What was the biggest challenge you faced when learning to program?
The biggest challenge I faced when learning to program was figuring out what to do when I “hit a wall.” There were many times I would run into a problem I just could not solve, or a piece of code I had no idea how to debug. Ultimately, I had to learn how to Google like a champ but also to give myself a literal and metaphorical break. Instead of sitting there ripping my hair out and telling myself I wasn’t good enough, I had to learn to step back, clear my mind, and approach the problems with a new, positive mindset. I think this is a challenge a lot of new programmers face—we all need to remember to be nice to ourselves.
Tell me about your role at LegalShield. What are you working on? What’s your favorite part of what you’re doing now?
Currently, I am working as an iOS Engineer for LegalShield developing features for the Shake by LegalShield app. We’re coming out with a new build of this app in the very near future. I have had a hand in all of the features and exclusively worked on a number of them, including a dropdown menu that RESTfully connects to the LegalShield API, as well as major styling changes to the app. My favorite part of what I am doing now is that I am learning about and implementing clean architecture in my code. Before working for LegalShield, writing code that just worked was exciting to me; now, writing clean, reusable code is my goal and makes me happy.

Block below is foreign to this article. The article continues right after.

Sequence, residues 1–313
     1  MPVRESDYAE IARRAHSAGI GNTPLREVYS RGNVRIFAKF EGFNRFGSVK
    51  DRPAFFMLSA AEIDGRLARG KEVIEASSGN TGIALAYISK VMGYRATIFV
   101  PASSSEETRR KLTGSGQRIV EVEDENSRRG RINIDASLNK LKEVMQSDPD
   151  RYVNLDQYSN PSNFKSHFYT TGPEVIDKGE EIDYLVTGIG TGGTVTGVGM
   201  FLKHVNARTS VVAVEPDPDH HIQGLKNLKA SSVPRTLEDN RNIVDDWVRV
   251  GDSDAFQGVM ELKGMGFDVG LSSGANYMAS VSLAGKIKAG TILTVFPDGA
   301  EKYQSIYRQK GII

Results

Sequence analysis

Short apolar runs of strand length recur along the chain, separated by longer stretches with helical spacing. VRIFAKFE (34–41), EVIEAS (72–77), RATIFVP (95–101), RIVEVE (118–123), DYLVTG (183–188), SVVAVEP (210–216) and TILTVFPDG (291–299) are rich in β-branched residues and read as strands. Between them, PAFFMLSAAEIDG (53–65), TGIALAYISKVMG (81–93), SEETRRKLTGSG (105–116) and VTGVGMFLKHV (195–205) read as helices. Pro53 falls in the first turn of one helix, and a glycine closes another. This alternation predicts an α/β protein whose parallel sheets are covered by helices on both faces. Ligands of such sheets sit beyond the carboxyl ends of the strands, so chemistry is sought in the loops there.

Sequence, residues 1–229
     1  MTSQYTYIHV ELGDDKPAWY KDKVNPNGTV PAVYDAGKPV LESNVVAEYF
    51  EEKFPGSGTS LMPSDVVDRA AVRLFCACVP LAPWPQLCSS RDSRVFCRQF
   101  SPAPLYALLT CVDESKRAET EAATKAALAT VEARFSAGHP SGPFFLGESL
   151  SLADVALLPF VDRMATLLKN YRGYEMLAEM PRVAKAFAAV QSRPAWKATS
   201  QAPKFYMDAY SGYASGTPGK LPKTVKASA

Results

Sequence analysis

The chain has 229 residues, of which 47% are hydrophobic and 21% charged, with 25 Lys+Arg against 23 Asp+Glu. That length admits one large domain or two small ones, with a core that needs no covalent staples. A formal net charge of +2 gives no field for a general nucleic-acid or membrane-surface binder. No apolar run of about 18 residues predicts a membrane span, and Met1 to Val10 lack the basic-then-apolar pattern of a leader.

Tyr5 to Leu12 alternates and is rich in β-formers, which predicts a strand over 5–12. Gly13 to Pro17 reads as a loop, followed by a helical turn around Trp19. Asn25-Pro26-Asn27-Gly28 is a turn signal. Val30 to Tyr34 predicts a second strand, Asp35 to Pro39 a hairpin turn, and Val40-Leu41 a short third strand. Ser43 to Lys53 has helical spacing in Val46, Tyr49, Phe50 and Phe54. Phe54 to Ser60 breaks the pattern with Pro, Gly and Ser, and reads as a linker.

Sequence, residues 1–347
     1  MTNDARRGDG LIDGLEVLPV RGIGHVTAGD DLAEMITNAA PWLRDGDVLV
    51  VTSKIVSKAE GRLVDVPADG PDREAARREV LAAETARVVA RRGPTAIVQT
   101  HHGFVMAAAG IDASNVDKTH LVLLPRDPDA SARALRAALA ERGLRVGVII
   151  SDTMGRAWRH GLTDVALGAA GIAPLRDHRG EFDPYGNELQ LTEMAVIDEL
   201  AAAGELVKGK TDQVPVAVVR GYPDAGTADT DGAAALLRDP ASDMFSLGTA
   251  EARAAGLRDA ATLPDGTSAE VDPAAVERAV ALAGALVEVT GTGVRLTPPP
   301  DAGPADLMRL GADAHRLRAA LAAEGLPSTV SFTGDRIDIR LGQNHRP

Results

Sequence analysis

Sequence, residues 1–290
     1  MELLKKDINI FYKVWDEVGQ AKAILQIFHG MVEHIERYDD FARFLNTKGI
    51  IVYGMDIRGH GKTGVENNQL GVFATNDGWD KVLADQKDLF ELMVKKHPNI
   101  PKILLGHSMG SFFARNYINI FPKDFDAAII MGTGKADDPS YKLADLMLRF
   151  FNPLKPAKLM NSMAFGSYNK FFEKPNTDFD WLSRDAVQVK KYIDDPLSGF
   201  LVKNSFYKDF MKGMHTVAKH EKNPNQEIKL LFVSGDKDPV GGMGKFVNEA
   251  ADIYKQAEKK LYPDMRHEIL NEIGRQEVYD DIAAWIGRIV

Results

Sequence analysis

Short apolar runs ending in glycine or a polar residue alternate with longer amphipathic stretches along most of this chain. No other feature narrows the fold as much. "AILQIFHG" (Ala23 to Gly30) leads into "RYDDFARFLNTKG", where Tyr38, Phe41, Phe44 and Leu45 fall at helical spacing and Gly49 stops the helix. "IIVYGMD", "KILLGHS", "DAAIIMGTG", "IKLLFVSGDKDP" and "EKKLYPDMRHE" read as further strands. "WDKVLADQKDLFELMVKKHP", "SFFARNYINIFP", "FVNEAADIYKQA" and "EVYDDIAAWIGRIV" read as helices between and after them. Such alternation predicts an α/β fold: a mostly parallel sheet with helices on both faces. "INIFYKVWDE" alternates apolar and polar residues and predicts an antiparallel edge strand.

Have your past jobs or pursuits informed how you approach the work you do now?
There are three major aspects of my life that influence the work I do now: math, dance, and running. My background in math has given me the logic and critical thinking skills to break down problems in a very deliberate and systematic way. My background in dance has taught me to approach problems creatively without being afraid to think outside the box. In dance, there really is no “wrong” answer and so when you approach problems with that kind of mindset, it is easier to come up with solutions because everything is a possibility and, thus, the possibilities are endless! Running has also been a huge influence on my work. Not only has it been the thing that keeps me sane and allows me to clear my mind when it’s blocked, it has also given me numerous skills necessary to succeed in this profession: drive, patience, and a strong work ethic. I am grateful for all of the experiences I had prior to Flatiron School because I feel like they have made me a more well-rounded programmer.
Any tips for others looking to learn to code?
Practice, practice, practice! You’re literally learning a new language and, just like if you were learning Spanish or French or Mandarin, you need to practice or you will lose the knowledge. Also, teaching is a great way to solidify concepts, so if you’re able to share your knowledge with someone else who is learning, not only are you paying it forward, you’re helping yourself—win win! And I said it before but I’ll say it again: be nice to yourself. Programming is hard! I’ll leave work and my brain will be hurting from thinking all day! This is a hard job and it is hard to learn, so give yourself and your brain a break every so often. You’ll thank yourself.
You can read more about Stephanie’s coding journey at her blog.
Interested in learning to code and moving into a fulfilling tech career like Stephanie? Head over to Learn.co to get started.